Interesting question. I have never heard Dr. Peat reflect on this. As a Mu opioid agonist, I would expect it would be in the non-restorative category. My impression over the years is that Dr. Peat associates opioid agents and effects more with decline than restoration.
That said, Immodium is usually used in short term situations of considerable distress. Loperamide is hazardous in certain situations, including some GI infections. It seems reasonable in situations to solve urgent problems with effective methods. Generative choices are preferable in the long term.
"Endorphins: Stress induced, laterally specific, involved in estrogen action, antagonized by naloxone and similar anti-opiate drugs. I have proposed that the endorphins can cause or sustain some of the symptoms of aging. Naloxone appears to be a useful treatment for senility. E. Roberts, Ann. N. Y. Acad. Sci. 396, 165, 1982; B. Reisberg, et al., N. Engl. J. Med. 308, 721, 1983."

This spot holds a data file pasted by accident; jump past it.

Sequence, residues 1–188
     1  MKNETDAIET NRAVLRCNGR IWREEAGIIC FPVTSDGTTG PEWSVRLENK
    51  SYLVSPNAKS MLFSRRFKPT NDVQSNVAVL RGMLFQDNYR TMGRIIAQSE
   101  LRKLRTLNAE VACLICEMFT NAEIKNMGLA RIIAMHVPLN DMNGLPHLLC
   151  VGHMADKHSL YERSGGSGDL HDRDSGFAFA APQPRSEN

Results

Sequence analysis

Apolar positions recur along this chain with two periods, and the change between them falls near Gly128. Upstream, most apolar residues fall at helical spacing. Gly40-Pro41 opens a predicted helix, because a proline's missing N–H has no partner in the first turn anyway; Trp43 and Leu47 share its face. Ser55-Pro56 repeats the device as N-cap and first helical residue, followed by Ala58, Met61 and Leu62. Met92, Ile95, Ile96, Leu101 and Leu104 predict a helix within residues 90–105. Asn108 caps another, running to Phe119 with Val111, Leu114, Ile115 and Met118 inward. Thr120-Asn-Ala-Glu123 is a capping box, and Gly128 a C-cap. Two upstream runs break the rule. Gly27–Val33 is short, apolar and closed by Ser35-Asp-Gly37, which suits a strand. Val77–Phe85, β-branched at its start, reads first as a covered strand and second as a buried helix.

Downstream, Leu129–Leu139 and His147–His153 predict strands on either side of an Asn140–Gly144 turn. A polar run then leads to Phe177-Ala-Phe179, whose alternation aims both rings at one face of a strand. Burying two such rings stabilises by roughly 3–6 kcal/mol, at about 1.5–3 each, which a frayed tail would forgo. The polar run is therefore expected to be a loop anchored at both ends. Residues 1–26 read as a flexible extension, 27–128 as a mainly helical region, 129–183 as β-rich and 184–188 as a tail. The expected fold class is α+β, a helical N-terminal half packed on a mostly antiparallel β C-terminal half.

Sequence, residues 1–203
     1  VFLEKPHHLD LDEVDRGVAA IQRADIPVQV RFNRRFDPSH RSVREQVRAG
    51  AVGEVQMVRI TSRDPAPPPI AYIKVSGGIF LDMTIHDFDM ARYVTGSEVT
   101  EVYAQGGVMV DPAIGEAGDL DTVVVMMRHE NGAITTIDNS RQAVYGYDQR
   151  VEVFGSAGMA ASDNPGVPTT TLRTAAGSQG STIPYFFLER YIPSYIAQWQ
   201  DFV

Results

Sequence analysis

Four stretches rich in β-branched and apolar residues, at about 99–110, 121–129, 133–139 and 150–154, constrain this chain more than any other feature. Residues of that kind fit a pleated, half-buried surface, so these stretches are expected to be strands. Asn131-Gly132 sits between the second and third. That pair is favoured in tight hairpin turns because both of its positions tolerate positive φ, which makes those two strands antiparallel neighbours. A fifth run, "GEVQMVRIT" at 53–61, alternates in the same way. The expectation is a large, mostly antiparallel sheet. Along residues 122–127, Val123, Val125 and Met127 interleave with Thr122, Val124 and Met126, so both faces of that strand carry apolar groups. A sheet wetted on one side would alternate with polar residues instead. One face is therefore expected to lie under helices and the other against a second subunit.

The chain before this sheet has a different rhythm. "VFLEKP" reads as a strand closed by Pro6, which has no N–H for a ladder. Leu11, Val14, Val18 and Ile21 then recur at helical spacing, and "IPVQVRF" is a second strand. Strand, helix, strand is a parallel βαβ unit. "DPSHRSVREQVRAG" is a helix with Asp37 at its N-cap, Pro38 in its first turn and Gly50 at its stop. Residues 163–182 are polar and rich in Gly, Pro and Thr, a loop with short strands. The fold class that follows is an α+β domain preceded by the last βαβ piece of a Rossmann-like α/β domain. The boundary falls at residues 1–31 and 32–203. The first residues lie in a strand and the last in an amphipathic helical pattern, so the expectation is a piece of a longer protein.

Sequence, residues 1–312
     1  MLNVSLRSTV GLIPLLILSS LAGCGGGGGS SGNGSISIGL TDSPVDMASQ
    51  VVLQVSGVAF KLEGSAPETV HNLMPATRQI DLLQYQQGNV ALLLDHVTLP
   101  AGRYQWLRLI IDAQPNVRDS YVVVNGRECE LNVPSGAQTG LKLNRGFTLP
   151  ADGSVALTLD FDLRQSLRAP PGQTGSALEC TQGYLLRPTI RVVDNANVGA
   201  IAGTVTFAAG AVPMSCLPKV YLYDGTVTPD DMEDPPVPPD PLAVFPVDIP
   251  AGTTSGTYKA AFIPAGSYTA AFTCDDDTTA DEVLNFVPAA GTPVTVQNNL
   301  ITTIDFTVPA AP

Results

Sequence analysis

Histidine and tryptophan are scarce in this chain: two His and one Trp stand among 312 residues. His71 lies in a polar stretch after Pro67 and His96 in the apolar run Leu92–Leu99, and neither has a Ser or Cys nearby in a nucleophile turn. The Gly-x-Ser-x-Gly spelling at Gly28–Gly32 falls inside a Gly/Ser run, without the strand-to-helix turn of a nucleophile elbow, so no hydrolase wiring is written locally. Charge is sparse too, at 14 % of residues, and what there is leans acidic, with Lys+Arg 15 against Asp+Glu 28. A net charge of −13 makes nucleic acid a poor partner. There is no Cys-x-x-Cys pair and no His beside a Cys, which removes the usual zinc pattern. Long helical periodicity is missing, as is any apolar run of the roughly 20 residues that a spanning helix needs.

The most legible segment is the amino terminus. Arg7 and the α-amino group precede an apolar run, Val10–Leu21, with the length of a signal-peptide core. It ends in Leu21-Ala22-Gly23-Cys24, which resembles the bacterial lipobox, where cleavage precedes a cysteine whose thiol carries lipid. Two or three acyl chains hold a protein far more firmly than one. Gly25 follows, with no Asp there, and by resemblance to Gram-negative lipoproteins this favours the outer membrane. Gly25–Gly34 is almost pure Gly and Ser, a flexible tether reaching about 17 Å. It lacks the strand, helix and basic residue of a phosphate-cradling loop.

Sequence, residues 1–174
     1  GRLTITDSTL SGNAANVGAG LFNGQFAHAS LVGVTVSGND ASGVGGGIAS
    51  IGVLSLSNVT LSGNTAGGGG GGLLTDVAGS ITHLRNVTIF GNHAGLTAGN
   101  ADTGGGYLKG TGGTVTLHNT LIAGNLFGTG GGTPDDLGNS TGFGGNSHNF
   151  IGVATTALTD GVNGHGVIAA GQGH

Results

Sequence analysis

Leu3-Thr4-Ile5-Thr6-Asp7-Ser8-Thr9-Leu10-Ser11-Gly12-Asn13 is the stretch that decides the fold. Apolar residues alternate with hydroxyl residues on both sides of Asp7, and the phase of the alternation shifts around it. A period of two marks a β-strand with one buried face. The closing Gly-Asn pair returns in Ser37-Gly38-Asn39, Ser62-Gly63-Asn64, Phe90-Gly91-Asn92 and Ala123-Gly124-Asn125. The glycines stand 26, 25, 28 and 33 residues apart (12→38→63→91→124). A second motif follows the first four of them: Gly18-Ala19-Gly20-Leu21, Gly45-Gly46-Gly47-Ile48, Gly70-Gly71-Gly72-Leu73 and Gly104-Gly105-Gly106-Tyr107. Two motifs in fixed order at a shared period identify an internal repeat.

Ray Peat has written that all opioid agonists strongly increase histamine production. When used in cancer patients the opioid agonists contribute to the decline in health. Maybe taken with together with naltrexone would be less harmful.